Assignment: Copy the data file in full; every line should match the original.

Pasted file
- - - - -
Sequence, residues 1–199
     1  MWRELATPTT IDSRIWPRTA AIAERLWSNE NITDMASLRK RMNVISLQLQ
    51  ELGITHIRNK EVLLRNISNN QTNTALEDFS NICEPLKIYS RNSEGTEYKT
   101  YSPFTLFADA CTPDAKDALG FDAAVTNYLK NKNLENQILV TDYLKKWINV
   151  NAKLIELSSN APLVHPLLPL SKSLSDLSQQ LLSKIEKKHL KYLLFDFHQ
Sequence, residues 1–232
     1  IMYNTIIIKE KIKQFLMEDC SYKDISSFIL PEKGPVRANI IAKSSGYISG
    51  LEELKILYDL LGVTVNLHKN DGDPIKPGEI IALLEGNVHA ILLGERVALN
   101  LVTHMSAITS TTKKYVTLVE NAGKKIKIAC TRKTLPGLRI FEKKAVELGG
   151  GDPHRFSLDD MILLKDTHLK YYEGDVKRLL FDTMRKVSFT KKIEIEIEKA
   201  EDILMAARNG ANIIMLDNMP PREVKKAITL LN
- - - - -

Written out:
Sequence, residues 1–199
     1  MWRELATPTT IDSRIWPRTA AIAERLWSNE NITDMASLRK RMNVISLQLQ
    51  ELGITHIRNK EVLLRNISNN QTNTALEDFS NICEPLKIYS RNSEGTEYKT
   101  YSPFTLFADA CTPDAKDALG FDAAVTNYLK NKNLENQILV TDYLKKWINV
   151  NAKLIELSSN APLVHPLLPL SKSLSDLSQQ LLSKIEKKHL KYLLFDFHQ
Sequence, residues 1–232
     1  IMYNTIIIKE KIKQFLMEDC SYKDISSFIL PEKGPVRANI IAKSSGYISG
    51  LEELKILYDL LGVTVNLHKN DGDPIKPGEI IALLEGNVHA ILLGERVALN
   101  LVTHMSAITS TTKKYVTLVE NAGKKIKIAC TRKTLPGLRI FEKKAVELGG
   151  GDPHRFSLDD MILLKDTHLK YYEGDVKRLL FDTMRKVSFT KKIEIEIEKA
   201  EDILMAARNG ANIIMLDNMP PREVKKAITL LN